- The Washington Times - Monday, September 8, 2003

RAMALLAH, West Bank — Yasser Arafat selected Palestinian parliament speaker Ahmed Qureia to take over as prime minister yesterday, after a day of intense backroom politicking that followed the resignation of Mahmoud Abbas.

Also yesterday, Israeli helicopters fired two missiles at the home of Hamas militant Abdel Salam Abu Musa in the Gaza Strip, wounding at least 11 persons, witnesses said. The army said the target was a Hamas weapons warehouse inside the building, in the Khan Younis refugee camp.

The attack came hours after Israeli Prime Minister Ariel Sharon said all Hamas militants were “marked for death.”

Ambulances rushed to the area, but had no word on whether anyone was killed. Witnesses said Mr. Musa escaped moments before the attack.

It was the eighth such Israeli missile strike since a Hamas suicide bomber killed 22 persons on a Jerusalem bus Aug. 19. Those attacks have killed 12 militants, including a senior political leader, and five bystanders.

Several leaders of Mr. Arafat’s ruling Fatah party confirmed the nomination by consensus of parliament speaker Qureia, though it remained uncertain whether he would accept. Mr. Qureia attended the meeting last night but did not comment, Fatah officials said. The parliament speaker “is our only nominee,” said Abbas Zaki, a member of the Fatah central committee.

Palestinian officials agreed on Mr. Arafat’s suggestion of Mr. Qureia and asked him to form a new government within 48 hours, said Hanna Amireh, a member of the PLO executive committee.

The developments came during a day of heated negotiations set off by Mr. Abbas’ resignation Saturday. Mr. Arafat had refused to grant him more power over the Palestinian security services, capping four months of wrangling between the two since Mr. Abbas took office.

Mr. Qureia, a moderate who helped cobble together the 1993 Oslo accord between Israel and the PLO, was considered a top candidate to replace Mr. Abbas because he has led past negotiations and has credibility with Israel. Israeli officials didn’t immediately respond to the development.

Mr. Abbas’ resignation dealt a serious blow to the U.S.-backed “road map” plan for establishing a Palestinian state by 2005. Israel and the United States have refused to deal with Mr. Arafat, whom they accuse of fomenting terrorism, and they made Mr. Abbas, a critic of terror attacks against Israelis, their partner in peace efforts.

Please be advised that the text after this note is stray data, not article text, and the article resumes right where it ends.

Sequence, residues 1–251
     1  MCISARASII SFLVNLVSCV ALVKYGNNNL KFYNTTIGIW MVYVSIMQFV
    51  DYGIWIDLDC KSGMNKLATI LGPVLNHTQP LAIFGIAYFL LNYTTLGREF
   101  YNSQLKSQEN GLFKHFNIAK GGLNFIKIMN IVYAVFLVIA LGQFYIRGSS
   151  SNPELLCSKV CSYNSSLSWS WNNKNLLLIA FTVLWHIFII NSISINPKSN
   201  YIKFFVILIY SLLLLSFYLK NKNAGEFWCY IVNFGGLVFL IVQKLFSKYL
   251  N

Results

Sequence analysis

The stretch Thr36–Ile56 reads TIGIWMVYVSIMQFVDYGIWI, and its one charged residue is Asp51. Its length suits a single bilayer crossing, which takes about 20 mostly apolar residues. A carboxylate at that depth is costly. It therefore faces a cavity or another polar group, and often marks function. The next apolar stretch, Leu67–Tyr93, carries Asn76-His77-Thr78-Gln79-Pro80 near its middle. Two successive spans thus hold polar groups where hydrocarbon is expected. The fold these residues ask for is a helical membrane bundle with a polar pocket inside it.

U.S. Secretary of State Colin L. Powell said any Palestinian prime minister must have clear control over security forces and use them to crack down on militant groups like Hamas and Islamic Jihad. “That person has to have political authority and the determination to go after terrorism,” Mr. Powell said yesterday on ABC’s “This Week.”

The “road map” plan requires the Palestinians to dismantle militant groups. Mr. Abbas, despite his strong support for the road map in principle, refused to do this forcefully, appealing in vain to the militants to disarm.

Also known as Abu Ala, Mr. Qureia — like Mr. Abbas — has little independent support on the Palestinian street. He is a savvy political operator who enjoys considerable clout after seven years as parliament speaker.

The Palestinian leadership crisis came as Israel edged toward all-out war with the militant group Hamas.

One day after Saturday’s botched strike against the group’s top leaders, Mr. Sharon stated that all of the Islamic militant group’s members were now “marked for death.”

Yesterday’s missile strike against Mr. Musa appeared to confirm the Israelis’ determination to step up the campaign against Hamas.

The group has promised to exact revenge.

Nine persons were hospitalized after the strike, including three children with moderate injuries from shrapnel, said Dr. Haider al-Qedra, director of Nasser Hospital.

Two others were treated for minor injuries at the site of the attack, he said.

Another Israeli bombing a day earlier lightly injured Hamas’ revered founder, Sheik Ahmed Yassin.

Hamas later took responsibility for planting a bomb that exploded yesterday as an Israeli army jeep drove over the device near the fence between Israel and the Gaza Strip.

The blast lightly wounded three Israeli soldiers, the army said.

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